AP report on kidnapping of Congressman’s relative has foul smell

The Associate Press published a story a few hours ago about the Juarez kidnapping case involving a relative of U.S. Congressman Silvestre Reyes that takes the art of repackaging someone else’s reporting, without credit, to a new level of sleaziness for the nation’s supposed premier news service.

The shameless reporters base the entire story on a federal law-enforcement official “who spoke on the condition of anonymity.” The AP story describes details seemingly lifted verbatim from a recent Narco News’ story, which was based on a leaked U.S. Immigrations and Customs Enforcement [ICE] document published exclusively on the Narco News’ Web site. The AP reporters do not once acknowledge that Narco News not only broke the story, but that the online investigative publication reported the very same details contained in the AP story in a story published last evening.

From the AP story:

A female relative of Rep. Silvestre Reyes, D-Texas, was kidnapped June 19 in Ciudad Juarez, Mexico, a crime-ridden city across the Rio Grande from El Paso, a federal law enforcement official said Wednesday.
The woman, a Mexican citizen, was released after an approximately $30,000 ransom was paid by a relative in Mexico to the kidnapper, the official said, and Reyes' relative was released with another victim.
The official, who spoke on the condition of anonymity because the case is active, did not have details about the second victim.
Authorities did not say how the woman is related to Reyes. Another family member was in contact with the kidnapper and agreed to pay the ransom, the official said. …

From Narco News’ story, published last evening, quoting from the ICE document:

On June 19, 2008, the [ICE] Assistant Attaché Juarez was contacted by a Congressional Aide (CA) for Congressman Silvestre Reyes of the 16th District of Texas. Congressman Reyes’ aide advised that Erika Posselt, a Mexican national and relative of Congressman Reyes’ wife, had been kidnapped in Ciudad Juarez, Chihuahua, Mexico.
Subsequently, the ICE Assistant Attaché Juarez requested and received the full assistance of the ICE SAC [Special Agent in Charge] El Paso office, and coordinated a meeting in El Paso, TX with the Chihuahua State Police to recover the kidnapped victim.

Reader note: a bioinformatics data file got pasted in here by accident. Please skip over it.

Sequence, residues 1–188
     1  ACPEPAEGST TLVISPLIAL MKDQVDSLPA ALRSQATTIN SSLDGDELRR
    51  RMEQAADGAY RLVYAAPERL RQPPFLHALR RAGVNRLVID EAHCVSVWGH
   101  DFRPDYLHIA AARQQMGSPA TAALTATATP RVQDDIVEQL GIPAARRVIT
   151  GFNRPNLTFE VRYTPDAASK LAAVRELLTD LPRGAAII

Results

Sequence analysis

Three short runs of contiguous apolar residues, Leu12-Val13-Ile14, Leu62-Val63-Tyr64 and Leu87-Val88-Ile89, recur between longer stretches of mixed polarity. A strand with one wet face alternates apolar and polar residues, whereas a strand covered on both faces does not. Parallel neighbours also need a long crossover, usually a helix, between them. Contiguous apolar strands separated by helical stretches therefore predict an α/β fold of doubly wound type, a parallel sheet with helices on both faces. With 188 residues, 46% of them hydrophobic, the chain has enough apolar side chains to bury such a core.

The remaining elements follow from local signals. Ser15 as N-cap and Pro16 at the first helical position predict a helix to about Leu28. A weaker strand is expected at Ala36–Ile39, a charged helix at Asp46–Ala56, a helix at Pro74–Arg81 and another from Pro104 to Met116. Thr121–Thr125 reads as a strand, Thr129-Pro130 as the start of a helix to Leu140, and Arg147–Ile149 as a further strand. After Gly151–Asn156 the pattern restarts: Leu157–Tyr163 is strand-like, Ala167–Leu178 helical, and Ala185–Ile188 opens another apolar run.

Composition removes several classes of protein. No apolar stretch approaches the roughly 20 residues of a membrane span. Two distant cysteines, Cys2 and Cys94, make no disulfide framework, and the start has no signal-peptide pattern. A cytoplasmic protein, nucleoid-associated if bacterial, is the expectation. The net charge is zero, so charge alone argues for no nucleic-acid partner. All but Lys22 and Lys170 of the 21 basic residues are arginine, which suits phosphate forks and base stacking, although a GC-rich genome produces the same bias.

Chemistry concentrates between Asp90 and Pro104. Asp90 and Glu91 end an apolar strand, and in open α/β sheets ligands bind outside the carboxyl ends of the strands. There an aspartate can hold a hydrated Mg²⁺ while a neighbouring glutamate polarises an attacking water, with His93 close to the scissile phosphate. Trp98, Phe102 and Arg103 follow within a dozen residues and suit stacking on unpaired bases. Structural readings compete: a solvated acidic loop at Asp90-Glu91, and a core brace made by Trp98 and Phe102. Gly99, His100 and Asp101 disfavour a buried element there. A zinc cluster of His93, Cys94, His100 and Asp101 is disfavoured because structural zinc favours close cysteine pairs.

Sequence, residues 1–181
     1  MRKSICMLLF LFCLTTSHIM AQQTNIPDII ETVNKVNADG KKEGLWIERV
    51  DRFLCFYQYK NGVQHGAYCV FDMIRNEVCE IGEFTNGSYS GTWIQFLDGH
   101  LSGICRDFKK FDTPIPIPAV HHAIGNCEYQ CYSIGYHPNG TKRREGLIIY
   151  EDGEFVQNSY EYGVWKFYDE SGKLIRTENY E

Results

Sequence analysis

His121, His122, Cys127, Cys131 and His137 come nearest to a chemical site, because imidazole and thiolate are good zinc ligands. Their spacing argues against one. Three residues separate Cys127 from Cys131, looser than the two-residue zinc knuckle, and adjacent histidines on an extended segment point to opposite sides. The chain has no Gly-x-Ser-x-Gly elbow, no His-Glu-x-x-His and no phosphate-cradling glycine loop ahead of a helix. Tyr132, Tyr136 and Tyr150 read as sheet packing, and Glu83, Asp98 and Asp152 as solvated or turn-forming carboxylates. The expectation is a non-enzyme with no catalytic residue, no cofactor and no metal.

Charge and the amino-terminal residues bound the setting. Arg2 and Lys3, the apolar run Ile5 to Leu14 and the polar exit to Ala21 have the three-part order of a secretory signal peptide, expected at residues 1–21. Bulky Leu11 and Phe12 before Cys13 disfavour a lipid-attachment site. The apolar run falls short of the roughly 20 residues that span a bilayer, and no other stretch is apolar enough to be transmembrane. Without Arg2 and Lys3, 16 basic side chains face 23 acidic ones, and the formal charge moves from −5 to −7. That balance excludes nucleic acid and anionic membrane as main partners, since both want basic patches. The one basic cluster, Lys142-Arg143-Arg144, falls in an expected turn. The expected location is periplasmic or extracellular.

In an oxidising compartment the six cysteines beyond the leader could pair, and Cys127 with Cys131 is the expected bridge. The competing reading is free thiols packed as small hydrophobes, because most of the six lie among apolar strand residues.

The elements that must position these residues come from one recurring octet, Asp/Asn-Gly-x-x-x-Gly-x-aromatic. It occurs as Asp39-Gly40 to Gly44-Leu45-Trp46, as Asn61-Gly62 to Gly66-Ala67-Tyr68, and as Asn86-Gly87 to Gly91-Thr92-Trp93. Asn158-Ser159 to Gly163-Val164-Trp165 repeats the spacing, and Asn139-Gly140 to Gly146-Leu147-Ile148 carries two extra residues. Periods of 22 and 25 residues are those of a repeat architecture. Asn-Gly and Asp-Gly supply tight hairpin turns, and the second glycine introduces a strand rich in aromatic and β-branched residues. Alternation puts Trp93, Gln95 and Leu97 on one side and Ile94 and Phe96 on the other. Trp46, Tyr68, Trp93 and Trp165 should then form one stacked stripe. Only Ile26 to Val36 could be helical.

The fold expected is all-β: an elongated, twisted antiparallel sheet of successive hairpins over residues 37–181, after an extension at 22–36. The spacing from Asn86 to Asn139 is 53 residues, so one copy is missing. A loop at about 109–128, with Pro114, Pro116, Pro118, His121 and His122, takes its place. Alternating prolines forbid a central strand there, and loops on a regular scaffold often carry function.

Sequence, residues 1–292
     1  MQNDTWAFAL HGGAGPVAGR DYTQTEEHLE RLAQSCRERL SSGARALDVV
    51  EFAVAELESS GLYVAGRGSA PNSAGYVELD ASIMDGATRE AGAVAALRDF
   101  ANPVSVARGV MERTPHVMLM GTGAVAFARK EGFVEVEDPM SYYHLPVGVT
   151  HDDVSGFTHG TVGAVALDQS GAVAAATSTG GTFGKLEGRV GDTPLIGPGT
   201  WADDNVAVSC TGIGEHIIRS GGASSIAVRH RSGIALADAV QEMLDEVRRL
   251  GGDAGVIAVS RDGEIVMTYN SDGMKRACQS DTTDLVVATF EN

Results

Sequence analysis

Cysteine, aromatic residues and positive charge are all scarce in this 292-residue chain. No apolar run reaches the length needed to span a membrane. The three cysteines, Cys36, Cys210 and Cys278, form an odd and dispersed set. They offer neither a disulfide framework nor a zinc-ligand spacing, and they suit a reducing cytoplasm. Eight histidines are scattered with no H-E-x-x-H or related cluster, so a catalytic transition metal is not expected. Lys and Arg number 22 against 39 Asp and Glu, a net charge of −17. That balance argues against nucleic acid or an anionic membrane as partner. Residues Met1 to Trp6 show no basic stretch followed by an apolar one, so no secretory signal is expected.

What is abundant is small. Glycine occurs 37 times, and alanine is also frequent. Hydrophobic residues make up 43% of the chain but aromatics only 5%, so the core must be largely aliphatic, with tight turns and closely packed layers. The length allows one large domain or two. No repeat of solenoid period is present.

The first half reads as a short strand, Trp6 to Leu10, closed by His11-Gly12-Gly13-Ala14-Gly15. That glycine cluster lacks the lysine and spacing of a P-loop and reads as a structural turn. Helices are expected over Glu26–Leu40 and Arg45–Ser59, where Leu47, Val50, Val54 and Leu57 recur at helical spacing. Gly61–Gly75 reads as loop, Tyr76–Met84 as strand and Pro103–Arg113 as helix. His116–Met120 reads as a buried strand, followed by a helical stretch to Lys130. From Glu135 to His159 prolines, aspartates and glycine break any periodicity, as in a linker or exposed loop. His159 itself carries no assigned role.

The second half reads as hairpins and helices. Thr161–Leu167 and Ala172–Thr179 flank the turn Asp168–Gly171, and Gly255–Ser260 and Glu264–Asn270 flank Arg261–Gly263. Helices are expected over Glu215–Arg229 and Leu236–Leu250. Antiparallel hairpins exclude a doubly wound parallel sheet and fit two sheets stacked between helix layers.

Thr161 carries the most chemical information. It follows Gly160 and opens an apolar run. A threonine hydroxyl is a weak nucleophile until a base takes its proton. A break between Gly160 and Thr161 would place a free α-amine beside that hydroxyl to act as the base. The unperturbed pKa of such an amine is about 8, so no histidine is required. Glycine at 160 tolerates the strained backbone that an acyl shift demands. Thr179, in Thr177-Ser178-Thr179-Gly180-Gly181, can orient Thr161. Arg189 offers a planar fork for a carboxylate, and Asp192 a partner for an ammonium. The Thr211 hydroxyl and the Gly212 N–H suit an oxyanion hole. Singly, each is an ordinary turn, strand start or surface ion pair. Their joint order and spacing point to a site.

On June 19, 2008, ICE Assistant Attaché Juarez personnel contacted the victim’s brother and learned that a group of armed men kidnapped Ms. Posselt from ACCRIPARTS, an auto glass store she owns in Ciudad Juarez, Chihuahua, Mexico. Additionally, agents learned the kidnappers had called Ms. Posselt’s brother and demanded a ransom of $500,000 in exchange for her safe return.
The kidnappers stated that Ms. Posselt would be killed if he contacted law enforcement authorities.
… As a result of the negotiations, the kidnappers agreed to accept a ransom of $100,000 for Ms. Posselt’s release, and that she would be released after her brother delivered an initial payment of $32,000 in combined U.S. currency and Mexican pesos. The victim’s brother was also instructed to personally deliver the money.
… On June 22, 2008, at approximately 3:00 a.m., Assistant Attaché Juarez agents reported that the victim had been released and was in the custody of Mexican authorities. The victim [Posselt] was dropped off at a public location along with another kidnapping victim, Eduardo Fernandez, who had paid a ransom of approximately $56,000 for his release.

To make matters worse, the AP reporters hide behind their anonymous source to put out a line for ICE, a line that seems conveniently designed to inoculate ICE from the appearance that it provided special favor to the Congressman by committing the agency’s resources to securing the release of his relative — a Mexican citizen who was kidnapped in Mexico.

From the AP story:

The [unnamed] official said the family of the victim called Reyes' office, which notified authorities. Reyes, chairman of the House Intelligence Committee, was not informed of the kidnapping until several hours later, according to the official.

That statement could lead readers to believe that the Congressman had no involvement in involving ICE in the kidnapping case.

Now, given the potentially explosive nature of such a phone call (a Congressman’s relative kidnapped in Juarez) it seems a bit of stretch to believe, on an unnamed source’s word alone, that one of Reyes’ aides would take the bold step of calling ICE before first talking to his boss, or that ICE would take any action absent first speaking with the Congressman.

But even if we want to believe this phantom AP source, why would ICE officials, after finding out that the kidnapped victim was a Mexican citizen, still pursue the case? It's simply not believable absent some on-the-record proof. At a minimum, AP should have qualified the story to that effect.

Given the power the Congressman wields, and given that it was one of his relatives who was abducted, it just doesn’t pass the smell test for us to buy, on the basis of an unnamed source alone, that ICE jumped into this kidnapping case without first making the Congressman aware of their game plan.

But then I guess AP stories don’t have to be believable, or even sourced credibly, to get published nowadays.

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